The Vaccine Investment Strategy is Gavi’s evidence-based process for assessing the suitability of new vaccines to further support countries. Developed every five years, the next VIS will be completed at the end of 2018.

Today, the Gavi Board approved the evaluation criteria that will be used for assessing potential new investments in vaccines and other immunisation products for endemic disease prevention.

ENGAGEMENT WITH TRANSITIONING COUNTRIES AND POST-TRANSITION

Between 2016 and 2020, at least 20 Gavi-supported countries are expected to transition out of Gavi’s financial support. Most of these countries are on-track to fully finance their immunisation programmes and sustain the progress they have made since 2000, when Gavi was created.

However, the Gavi Board recognised that a small number of countries are facing more significant challenges.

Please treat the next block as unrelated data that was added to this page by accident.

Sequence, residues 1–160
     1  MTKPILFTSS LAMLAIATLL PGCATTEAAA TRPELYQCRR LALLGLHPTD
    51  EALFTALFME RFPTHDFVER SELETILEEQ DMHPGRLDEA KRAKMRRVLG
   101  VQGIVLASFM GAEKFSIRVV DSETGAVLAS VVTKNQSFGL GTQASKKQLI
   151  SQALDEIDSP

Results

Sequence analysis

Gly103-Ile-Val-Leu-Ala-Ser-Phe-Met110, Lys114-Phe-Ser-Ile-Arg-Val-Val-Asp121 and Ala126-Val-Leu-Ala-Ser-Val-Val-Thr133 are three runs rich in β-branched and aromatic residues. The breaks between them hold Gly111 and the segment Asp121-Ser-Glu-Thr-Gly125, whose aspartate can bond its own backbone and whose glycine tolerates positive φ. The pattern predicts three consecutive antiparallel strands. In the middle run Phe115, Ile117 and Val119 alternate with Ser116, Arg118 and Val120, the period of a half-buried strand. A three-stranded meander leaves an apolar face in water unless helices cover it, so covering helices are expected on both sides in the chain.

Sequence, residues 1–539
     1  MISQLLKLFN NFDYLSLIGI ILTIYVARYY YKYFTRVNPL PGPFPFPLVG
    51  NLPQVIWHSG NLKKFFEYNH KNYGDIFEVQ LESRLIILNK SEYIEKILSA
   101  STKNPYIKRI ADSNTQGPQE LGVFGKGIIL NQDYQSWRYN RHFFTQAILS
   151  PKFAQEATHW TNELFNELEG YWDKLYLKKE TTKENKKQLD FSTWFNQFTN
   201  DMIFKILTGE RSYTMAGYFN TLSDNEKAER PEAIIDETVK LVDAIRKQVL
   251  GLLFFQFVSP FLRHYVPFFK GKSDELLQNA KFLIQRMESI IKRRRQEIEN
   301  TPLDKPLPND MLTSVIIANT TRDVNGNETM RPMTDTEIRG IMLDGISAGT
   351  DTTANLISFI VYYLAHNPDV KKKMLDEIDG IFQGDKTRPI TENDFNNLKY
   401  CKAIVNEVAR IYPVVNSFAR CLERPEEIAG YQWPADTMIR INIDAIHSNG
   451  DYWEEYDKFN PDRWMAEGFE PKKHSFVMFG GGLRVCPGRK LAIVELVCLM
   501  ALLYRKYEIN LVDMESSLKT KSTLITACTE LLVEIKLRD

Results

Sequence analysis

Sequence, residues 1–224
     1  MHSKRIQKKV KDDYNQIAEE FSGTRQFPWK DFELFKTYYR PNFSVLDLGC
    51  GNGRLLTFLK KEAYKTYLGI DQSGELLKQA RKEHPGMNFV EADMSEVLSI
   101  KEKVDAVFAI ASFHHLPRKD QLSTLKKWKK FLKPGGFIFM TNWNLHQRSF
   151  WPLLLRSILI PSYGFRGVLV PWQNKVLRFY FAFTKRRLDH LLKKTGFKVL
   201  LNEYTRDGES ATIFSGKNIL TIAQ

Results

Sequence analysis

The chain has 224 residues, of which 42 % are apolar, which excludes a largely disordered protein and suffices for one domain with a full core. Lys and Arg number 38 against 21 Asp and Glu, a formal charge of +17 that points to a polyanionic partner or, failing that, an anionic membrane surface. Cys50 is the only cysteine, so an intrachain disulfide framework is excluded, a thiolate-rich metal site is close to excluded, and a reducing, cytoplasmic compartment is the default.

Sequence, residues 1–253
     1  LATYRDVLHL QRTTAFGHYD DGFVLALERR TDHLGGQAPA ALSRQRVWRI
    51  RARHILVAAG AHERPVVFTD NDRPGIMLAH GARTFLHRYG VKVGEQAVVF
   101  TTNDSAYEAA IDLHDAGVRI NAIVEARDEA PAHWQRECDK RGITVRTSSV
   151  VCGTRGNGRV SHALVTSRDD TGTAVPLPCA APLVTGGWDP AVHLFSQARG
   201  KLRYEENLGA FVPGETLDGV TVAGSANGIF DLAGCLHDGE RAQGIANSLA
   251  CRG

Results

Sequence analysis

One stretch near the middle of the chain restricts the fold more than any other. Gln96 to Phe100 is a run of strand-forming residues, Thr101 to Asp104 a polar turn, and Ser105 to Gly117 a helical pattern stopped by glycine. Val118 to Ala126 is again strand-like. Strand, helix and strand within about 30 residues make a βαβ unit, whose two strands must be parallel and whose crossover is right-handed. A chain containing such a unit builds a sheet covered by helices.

“Sustainability is at the heart of the Gavi model,” said Dr Berkley. “Our transition approach is an unprecedented attempt to systematically support countries with growing economies to take full ownership of their immunisation programmes. The Alliance will work closely with governments to ensure that they remain on track, so that children are not left unprotected against deadly diseases.”

The Gavi Board agreed to allow countries to apply for new vaccine support at any point during their transition. It decided that the Alliance should continue to engage with countries after they transition to track progress and continue to advocate for immunisation.